This year I've been getting by mostly on short fiction, audiobooks and comics/graphic novels. (I have, however, read a few novels, including Hannu Rajaniemi's fantastic début novel The Quantum Thief (2011) and some great G. K. Chesterton stories). So I thought I'd quickly post on some recent short fiction by Wolfe - stories from 2010 to present. Please let me know if there are any I've missed!
Published on Tor.com earlier this year, "Dormanna" (2012) is part of David G. Hartwell's Palencar Project, a collection of five short stories inspired by the art of John Jude Palencar (also available together as an ebook). It follows a young girl, Ellie, as she awakes one morning to find herself with an imaginary friend (who may not be so imaginary after all). It's an enjoyable story, albeit a very short one, and has an ethereal feel to it. The final scene of the story beautifully recreates the great Palencar image it's inspired by (on the cover of the book to the right).
"The Lithosphere Whale"
Earlier this year Wolfe made a flash fiction contribution to the "Critter Corral" of SharedWorlds, a "unique SF/Fantasy teen writing camp at Wofford College," offering an amusing definition of the fictional Lithosphere Whale. Other contributors include Neil Gaiman, Michael Moorcock and Jeff VanderMeer.
"Why I Was Hanged"
Out last year was the supernatural steampunk anthology Ghosts by Gaslight (2011), edited by Jack Dann and Nick Gevers, which included Wolfe's "Why I Was Hanged." The relatively short piece, set in Victorian England, turned out to be a thoroughly creepy horror story. It is narrated in the first person by one James Brooks, a servant of a wealthy 'gentleman of fashion,' who starts receiving visitations at night from a 'maiden of mist'. An interesting twist comes when this apparition claims to be the ghost of Alice Landon, a still-living woman, and asks Brooks to prevent her murder by taking the life of her would-be killer. With the exception of a scene that heavily implies sexual violence, overall "Why I Was Hanged" is a really enjoyable story with a great ending.
"Josh" was published in the limited-edition anthology Portents (2011), edited by Al Sarrantonio, which I somehow only found out about recently. I quickly ordered a copy and it didn't take long to arrive. "Josh" is written as a series of journal entries by a boy in his late teens. It opens with his family moving from a house in the city to large property in the country. Soon after arriving, however, the boy's parents travel in to town and don't return. Most of the story takes place in the seemingly haunted country house, and there are hints of ghosts and vampires here and there. The story, however, is rather opaque - I'm still not entirely sure what was going on. The rather twisted psychology of the narrator, however, does make for interesting reading. "Josh" has also been collected in Year's Best Dark Fantasy & Horror 2012, edited by Paula Guran.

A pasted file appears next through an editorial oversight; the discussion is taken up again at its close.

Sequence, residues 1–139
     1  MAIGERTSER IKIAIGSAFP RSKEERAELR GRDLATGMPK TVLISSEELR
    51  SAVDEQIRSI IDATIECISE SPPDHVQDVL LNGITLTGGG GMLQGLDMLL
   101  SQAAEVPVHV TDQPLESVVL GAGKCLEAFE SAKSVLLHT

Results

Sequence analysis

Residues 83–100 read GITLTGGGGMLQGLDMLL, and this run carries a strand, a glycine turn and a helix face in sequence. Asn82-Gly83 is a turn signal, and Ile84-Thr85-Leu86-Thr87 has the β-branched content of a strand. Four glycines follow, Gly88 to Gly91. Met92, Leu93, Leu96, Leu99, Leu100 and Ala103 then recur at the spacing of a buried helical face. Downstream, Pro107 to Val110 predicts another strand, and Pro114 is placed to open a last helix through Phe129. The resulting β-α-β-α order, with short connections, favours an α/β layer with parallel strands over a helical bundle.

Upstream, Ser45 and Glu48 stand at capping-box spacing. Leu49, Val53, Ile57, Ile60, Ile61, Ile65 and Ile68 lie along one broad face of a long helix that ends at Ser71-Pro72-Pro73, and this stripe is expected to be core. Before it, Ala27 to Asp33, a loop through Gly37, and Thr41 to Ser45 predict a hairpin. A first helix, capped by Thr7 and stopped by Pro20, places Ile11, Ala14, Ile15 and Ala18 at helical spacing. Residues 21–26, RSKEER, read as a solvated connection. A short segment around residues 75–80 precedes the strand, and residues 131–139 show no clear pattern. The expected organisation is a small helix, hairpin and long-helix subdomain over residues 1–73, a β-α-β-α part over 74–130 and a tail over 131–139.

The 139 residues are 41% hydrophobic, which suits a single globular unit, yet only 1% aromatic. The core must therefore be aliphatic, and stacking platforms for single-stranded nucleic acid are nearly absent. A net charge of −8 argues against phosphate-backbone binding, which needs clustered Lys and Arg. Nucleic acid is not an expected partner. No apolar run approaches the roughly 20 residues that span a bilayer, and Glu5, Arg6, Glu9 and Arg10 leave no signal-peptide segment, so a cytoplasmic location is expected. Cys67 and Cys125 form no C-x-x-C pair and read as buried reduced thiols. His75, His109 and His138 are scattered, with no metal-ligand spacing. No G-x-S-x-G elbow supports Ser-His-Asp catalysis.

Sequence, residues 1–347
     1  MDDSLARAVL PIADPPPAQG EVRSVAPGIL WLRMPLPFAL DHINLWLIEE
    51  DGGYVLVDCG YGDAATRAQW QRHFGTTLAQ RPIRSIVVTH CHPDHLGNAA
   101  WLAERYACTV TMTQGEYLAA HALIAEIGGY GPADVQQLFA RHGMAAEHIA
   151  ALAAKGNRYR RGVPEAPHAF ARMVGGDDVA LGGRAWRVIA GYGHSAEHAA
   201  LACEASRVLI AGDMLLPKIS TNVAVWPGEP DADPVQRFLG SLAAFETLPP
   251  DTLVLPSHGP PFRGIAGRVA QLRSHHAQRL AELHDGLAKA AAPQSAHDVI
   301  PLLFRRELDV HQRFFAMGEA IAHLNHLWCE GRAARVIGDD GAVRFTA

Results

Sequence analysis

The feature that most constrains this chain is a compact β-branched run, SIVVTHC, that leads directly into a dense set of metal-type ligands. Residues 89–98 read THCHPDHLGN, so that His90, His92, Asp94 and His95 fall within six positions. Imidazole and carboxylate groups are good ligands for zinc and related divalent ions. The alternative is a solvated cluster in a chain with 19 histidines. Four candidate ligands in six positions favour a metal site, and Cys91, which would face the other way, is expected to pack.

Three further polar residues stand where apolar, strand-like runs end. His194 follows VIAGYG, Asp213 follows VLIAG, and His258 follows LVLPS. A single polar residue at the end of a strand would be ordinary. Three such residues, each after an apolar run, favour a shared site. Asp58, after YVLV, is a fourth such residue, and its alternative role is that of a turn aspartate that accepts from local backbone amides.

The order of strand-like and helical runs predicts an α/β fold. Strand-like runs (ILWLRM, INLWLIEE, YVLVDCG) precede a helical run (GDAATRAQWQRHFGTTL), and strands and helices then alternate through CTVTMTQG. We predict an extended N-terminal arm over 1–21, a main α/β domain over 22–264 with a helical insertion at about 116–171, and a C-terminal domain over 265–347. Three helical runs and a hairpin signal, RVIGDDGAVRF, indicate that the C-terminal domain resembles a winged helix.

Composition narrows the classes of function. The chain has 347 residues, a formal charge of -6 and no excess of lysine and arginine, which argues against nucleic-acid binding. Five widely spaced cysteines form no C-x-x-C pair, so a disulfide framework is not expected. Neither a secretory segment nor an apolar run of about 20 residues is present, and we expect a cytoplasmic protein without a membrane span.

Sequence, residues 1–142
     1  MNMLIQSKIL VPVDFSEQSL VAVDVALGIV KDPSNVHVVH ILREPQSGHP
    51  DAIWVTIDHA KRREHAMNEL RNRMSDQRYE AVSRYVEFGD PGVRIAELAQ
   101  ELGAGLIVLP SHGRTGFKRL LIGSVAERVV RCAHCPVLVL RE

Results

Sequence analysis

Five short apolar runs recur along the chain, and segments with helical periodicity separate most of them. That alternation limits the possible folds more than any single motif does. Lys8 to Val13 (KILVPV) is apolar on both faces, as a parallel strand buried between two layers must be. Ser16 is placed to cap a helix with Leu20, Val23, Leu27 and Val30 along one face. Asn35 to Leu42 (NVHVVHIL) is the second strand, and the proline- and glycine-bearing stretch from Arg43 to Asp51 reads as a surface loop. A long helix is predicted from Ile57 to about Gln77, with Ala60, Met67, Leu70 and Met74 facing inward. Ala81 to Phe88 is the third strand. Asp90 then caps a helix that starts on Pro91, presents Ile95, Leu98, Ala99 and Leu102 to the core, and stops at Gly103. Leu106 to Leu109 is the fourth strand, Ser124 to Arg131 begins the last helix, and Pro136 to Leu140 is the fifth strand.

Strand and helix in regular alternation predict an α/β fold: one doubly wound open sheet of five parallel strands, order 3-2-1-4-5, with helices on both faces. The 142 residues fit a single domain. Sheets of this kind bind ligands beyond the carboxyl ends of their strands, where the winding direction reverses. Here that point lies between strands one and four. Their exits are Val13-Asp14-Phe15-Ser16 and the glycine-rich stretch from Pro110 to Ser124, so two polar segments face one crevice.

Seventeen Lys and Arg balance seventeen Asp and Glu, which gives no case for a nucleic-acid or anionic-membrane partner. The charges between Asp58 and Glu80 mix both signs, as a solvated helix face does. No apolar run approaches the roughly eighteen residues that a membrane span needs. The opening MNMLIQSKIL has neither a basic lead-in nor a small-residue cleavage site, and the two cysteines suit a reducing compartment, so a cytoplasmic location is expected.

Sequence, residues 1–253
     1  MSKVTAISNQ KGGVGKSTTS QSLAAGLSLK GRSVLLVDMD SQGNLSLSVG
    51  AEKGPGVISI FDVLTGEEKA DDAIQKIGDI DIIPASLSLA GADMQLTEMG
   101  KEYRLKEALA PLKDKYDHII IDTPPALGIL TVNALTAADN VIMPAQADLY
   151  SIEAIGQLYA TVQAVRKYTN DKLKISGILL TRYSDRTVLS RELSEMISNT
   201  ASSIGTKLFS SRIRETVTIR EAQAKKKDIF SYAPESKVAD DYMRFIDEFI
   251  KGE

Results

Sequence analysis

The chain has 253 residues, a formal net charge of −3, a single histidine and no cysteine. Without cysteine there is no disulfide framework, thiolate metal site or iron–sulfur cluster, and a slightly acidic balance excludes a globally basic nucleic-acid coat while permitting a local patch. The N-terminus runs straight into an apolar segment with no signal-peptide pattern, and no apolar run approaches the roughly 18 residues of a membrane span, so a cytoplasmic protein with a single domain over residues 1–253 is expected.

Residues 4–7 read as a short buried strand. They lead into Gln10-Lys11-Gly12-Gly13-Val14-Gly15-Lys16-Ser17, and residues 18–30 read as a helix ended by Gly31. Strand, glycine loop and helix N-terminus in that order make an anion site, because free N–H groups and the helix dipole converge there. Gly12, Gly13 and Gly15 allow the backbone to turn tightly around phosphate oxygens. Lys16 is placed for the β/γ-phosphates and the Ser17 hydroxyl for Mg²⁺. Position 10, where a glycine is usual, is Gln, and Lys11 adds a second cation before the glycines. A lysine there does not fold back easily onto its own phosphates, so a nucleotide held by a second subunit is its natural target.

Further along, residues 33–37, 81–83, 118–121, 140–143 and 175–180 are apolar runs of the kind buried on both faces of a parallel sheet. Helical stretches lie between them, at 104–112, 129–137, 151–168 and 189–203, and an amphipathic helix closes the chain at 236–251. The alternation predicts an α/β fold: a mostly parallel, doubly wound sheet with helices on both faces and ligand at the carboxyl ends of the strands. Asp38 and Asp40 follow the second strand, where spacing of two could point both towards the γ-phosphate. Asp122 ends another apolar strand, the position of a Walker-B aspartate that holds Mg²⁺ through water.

This short story was published in the anthology Boondocks Fantasy (2011), edited by Jean Rabe and Martin H. Greenberg. I haven't managed to get my hands on the anthology yet, so I haven't read this one. Please comment on this post if you've read it!
I don't know how I missed this story, which first appeared in the 2010 werewolf anthology Full Moon City, edited by Darrell Schweitzer and Martin H. Greenberg. I found out about it through the Tales To Terrify podcast, which features a reading of Wolfe's "Innocent" in its latest issue (2 March 2012). Not the biggest fan of horror stories, I'm not sure how to think of this one. It certainly has a horror vibe, being a first-person narration from the perspective of a remorseless cannibal and murderer. However, I couldn't get past being quite disgusted by the descriptions of the cannibal's preference for young girls. In spite of his insistence that he never molested a young girl, this turns out to be untrue, as we discover from his cold and detached narration of a very distasteful scene (which needs no repeating here). Can't really recommend this one, at least not to anyone that isn't a fan of this kind of horror story.
Definitely my favourite of Wolfe's recent short stories, "Bloodsport" first appeared in Swords & Dark Magic (2010), edited by Jonathan Strahan and Lou Anders, and was subsequently reprinted in The Year’s Best Science Fiction & Fantasy 2011, edited by Rich Horton, and The Year's Best Dark Fantasy & Horror 2011, edited by Paula Guran. "Bloodsport" is set in a fantasy realm largely based on the game of chess. It's part romance, part tragedy, and although the end is kind of predictable, it felt very poetic. The writing is beautiful and feels very much like one of Wolfe's earlier short stories. For those interested, there is a great discussion of this story on the blog Everything Is Nice.
Last year I wrote a blog post focusing on this short story, which appeared in the Frederik Pohl tribute anthology Gateways (2010), edited by Elizabeth Anne Hull. The story is set in a post-apocalyptic future in which aliens have invaded and almost wiped out humankind, most of whom have been reduced to savages. It is a survival story about a young man who manages to rise through the ranks of the human survivors to become 'king', although this entails all kinda of savagery and misogyny on the protagonist's part. It's an interesting story, although the misogyny and barbarism of the narrator, while serving the narrative, can be quite off-putting. "King Rat" was recently featured on episode 251 of the StarShipSofa podcast.
This short story first appeared in Stories (2010), edited by Neil Gaiman and Al Sarrantonio. It's more hard-sf than any of Wolfe's other recent short fiction, taking place on a spaceship and involving curious alien creatures. The focus on the relationships between the characters aboard the ship reminded me of Wolfe's novella Memorare (2007), which I quite enjoyed.